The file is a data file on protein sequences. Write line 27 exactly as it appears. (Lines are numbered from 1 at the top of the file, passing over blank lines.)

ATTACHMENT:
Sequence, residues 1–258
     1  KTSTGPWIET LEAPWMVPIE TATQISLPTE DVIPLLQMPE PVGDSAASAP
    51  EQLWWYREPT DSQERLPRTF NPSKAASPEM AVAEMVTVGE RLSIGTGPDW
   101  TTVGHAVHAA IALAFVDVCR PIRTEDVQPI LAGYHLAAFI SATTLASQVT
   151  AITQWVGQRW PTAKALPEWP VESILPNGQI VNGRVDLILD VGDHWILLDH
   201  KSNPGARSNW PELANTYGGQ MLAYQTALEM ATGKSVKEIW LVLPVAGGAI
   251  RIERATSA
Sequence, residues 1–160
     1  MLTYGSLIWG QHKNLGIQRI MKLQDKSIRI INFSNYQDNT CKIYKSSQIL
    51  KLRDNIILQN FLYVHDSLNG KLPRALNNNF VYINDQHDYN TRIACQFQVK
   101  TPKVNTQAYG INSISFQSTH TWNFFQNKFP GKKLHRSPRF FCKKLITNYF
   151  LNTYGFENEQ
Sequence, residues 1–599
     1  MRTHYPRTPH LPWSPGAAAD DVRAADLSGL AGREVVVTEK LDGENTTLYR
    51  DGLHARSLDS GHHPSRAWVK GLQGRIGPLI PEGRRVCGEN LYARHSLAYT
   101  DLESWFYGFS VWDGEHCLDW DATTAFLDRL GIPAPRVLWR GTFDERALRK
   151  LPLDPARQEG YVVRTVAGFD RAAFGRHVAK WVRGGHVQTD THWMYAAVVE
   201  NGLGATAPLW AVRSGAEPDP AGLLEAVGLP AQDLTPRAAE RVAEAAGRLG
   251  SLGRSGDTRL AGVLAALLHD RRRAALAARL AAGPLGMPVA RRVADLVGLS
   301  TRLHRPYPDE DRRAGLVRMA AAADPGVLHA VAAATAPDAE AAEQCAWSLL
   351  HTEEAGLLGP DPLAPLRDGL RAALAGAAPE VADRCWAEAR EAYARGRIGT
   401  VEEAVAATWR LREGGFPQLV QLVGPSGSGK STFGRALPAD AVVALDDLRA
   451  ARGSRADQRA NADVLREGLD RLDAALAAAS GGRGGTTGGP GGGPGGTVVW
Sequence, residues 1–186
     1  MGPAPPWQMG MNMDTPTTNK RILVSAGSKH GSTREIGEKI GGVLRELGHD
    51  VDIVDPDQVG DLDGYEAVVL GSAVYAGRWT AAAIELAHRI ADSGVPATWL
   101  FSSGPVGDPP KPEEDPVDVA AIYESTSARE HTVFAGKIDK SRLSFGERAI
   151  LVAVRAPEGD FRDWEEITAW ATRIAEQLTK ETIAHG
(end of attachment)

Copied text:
   101  FSSGPVGDPP KPEEDPVDVA AIYESTSARE HTVFAGKIDK SRLSFGERAI